This simple smart task uses the rather unusual source of a famous Kipling poem to ascertain what students already know about smuggling and what they need to know.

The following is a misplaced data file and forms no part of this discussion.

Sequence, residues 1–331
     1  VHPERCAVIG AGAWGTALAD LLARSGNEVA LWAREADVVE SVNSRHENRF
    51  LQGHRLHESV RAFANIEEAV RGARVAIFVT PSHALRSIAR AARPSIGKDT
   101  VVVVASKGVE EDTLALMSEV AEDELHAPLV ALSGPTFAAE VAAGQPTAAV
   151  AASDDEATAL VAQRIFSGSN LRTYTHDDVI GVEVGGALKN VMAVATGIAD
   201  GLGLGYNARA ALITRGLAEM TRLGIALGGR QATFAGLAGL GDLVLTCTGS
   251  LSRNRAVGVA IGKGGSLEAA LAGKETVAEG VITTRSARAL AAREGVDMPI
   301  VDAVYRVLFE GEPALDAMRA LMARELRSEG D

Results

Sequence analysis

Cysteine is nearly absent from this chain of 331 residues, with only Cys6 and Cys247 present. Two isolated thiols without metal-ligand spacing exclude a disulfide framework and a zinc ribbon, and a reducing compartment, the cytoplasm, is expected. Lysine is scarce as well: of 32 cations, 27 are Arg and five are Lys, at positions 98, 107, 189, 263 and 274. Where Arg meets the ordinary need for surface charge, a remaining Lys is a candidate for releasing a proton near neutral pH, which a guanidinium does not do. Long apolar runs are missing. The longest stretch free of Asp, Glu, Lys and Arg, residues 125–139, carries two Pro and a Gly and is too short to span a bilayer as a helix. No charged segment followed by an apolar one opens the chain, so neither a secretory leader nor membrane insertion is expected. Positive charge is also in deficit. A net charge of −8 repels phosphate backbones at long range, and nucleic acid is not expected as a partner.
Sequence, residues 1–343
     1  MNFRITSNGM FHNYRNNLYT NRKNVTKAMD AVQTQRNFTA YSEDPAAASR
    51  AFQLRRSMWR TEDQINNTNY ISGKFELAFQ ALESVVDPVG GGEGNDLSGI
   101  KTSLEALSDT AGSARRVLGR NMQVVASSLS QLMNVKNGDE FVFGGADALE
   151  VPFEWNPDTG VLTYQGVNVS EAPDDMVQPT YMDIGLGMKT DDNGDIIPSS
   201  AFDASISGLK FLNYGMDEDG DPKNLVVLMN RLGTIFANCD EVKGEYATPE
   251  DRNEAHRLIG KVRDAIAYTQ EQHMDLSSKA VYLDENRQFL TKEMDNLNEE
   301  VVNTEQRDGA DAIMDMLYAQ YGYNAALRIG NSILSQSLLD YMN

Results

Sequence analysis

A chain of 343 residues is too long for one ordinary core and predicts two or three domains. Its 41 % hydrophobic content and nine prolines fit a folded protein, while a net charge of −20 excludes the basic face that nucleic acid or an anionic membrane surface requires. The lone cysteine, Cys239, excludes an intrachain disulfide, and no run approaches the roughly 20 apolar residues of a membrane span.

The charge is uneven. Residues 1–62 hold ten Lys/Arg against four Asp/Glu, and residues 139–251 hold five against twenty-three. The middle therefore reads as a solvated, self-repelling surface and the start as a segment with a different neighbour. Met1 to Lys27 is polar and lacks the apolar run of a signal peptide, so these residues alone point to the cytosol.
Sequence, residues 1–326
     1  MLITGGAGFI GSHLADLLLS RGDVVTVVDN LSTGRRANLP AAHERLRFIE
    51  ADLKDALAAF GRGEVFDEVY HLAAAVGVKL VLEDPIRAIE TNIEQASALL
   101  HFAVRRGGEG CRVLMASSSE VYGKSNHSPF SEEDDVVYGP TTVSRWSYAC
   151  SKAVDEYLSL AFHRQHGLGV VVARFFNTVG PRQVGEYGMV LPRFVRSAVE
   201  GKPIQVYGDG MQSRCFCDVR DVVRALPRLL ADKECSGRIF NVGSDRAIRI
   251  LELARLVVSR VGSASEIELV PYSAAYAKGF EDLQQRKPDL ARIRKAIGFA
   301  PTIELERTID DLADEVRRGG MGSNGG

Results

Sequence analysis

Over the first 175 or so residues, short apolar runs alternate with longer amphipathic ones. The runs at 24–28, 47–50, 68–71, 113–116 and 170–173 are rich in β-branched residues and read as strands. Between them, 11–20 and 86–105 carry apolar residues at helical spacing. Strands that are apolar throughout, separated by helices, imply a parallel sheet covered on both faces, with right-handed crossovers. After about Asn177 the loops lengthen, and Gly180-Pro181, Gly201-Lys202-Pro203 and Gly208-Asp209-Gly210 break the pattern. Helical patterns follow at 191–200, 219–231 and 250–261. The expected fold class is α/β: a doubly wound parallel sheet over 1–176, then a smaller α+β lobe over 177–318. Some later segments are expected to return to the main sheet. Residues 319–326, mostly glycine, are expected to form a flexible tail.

The lesson starts with you quickly reading the poem aloud to help with motivation and encourage the lower-attaining students to access the written text when working independently. Don’t discuss just read. Then quickly place the students into small groups of 2 or 3. Give them a copy of a poem which has been pasted into the middle of a large piece of sugar paper. Students annotate the parts of the poem which are in bold type. They have 5 minutes to do this. No feedback at this stage. Students simply move to the next table, read what that group had written and add any missing ideas or detail. In this way they learn from each other. When all groups have visited all tables, they look again at their own poster and read the comments others have added. Any outstanding questions are then fielded by you. In this way you know you are not telling them things they already know and they really value your opinion highly when you help them with the